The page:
The Editorial Office


Reviewed by: Amber Wilkinson

Roman Bondarchuk: 'I think false news, manipulations, it's something everywhere, and we just had the opportunity to study this phenomenon in an example of a small place and small situations, which I know well'
"Even Kafkaesque ideas are subject to chaos."

War in Ukraine was a distant rumble in the background of Roman Bondarchuk’s feature debut Volcano. Now, as he reteams with co-writers Alla Tyutyunnik, who is also his mum, and Dar'ya Averchenko to write again about the southern part of Ukraine, the sound of the impending Russian invasion is louder but still feels one step removed from the everyday chaos of life on the ground.

“Fake. That’s our reality,” says a journalist, summing up the tension at the heart of this absurdist comedy drama. The Editorial Office is, indeed, a place where stories are not only created but bought and paid for and their relationship to reality is optional. Even Kafkaesque ideas are subject to chaos. All of which is a far cry from the life of Yura (non-professional Dymtro Bahnenko, whose experiences inspired the character). His work is all about quantifiable facts - specifically, documenting examples of the steppe (bobak) marmot in a bid to get the forests of the region a protected European status.

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Out one day on a survey, he spots a group of men deliberately setting the forest alight - a move that the film later reveals is as much about capitalism as destruction. It’s a truth he wants to bring to the world, but stone cold evidence is not as valuable as he suspects. This is just the tip of a film that, as with Bondarchuk’s previous feature, views the south of Ukraine as a sort of unregulated Wild West. Here, there are familiar bandits like American Bob Trusk (Joel Kenneth Rakos) who is selling cryptocurrency to the unsuspecting masses, but there are others who wear the dress of politicians and engage in dance contests for votes.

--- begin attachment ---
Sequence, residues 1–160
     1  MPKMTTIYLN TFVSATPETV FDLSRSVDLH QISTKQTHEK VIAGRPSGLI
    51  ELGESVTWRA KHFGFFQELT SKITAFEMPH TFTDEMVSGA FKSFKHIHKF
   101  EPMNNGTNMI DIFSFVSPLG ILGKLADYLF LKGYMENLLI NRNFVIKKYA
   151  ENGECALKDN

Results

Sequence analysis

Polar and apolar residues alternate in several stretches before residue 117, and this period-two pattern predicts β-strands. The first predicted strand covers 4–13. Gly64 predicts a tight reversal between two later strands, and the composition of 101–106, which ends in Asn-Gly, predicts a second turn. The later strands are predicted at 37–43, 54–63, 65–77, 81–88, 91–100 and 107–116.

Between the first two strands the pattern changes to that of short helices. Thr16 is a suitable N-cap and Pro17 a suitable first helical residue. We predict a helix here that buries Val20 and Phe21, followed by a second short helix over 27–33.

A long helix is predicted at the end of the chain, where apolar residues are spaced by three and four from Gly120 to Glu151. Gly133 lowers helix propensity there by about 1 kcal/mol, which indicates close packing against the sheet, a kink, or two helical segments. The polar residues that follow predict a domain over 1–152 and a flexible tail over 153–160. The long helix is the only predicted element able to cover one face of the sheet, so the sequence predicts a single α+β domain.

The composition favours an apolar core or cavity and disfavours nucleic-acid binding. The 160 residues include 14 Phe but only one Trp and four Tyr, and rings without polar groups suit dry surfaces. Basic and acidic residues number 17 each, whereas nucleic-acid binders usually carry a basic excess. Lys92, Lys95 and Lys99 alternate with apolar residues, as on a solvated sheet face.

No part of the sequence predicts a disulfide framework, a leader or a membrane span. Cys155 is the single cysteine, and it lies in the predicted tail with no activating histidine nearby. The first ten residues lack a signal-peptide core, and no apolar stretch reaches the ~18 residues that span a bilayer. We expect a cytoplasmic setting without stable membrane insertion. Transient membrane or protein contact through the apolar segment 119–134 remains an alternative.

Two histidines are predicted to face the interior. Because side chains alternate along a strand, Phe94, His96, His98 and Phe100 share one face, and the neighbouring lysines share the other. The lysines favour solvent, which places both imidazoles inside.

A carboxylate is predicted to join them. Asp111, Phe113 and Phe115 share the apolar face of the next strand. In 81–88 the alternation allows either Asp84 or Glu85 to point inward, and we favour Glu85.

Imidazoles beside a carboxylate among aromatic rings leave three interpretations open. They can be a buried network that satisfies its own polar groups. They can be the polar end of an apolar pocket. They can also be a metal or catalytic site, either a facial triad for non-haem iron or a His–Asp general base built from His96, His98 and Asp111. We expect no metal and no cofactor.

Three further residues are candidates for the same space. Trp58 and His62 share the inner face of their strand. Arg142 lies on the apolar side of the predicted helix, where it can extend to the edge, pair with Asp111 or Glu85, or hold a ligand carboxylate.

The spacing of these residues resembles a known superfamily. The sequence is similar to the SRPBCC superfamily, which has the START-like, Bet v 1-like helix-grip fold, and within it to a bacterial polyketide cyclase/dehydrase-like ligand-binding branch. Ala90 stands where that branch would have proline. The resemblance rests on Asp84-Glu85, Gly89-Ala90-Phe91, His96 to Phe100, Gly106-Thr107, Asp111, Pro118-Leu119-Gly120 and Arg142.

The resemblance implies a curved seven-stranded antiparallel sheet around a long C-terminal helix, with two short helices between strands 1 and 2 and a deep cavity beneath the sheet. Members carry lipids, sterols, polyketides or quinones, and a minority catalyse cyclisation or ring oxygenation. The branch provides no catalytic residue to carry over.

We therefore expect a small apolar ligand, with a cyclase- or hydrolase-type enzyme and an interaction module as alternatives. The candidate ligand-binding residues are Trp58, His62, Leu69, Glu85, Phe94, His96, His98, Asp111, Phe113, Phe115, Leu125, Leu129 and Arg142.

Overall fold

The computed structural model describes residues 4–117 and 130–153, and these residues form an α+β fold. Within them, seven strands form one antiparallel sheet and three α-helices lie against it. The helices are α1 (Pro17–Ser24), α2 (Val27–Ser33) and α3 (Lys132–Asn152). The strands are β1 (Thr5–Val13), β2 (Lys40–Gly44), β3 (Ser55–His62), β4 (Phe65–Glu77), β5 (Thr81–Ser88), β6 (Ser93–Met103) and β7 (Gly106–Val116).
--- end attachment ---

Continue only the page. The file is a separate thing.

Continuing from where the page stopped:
Yura takes his story to The Truth Of The Steppe, a place whose offices, in a thinly veiled metaphor, are virtually derelict, they won’t publish but send him on to the Pectoral newspaper, who, for reasons, immediately offer him a job. Yura is, like the hero of Volcano, a sort of innocent abroad as he keeps battling on with his piece of truth in a sea of lies.

Although the film is rooted in genuine experiences, as with Volcano, everything feels slightly surreal - whether it’s the mayor running for election and apparently appearing in viral videos while laid up in a coma or a Midsommar-esque cult inspired by Jonathan Livingston Seagull. Beneath the humour, there are plenty of serious points being made about everything from client journalism and the clickbait news cycle that feeds it to environmental exploitation. Although the structure of the film occasionally feels so loose it might fall apart, the strength of the direction holds things together. In a news-hungry world where nothing is redacted, the truth can be hard to spot even when it’s in plain sight.

Reviewed on: 16 Feb 2024
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The Editorial Office packshot
Satire sees a biologist mixed up in a web of fake news as he tries to reveal a story.

Director: Roman Bondarchuk

Writer: Alla Tyutyunnyk, Dar'ya Averchenko, Roman Bondarchuk

Starring: Dmytro Bahnenko, Zhanna Ozirna, Rymma Ziubina, Andrii Kyrylchuk, Oleksandr Shmal

Year: 2024

Runtime: 126 minutes

Country: Ukraine


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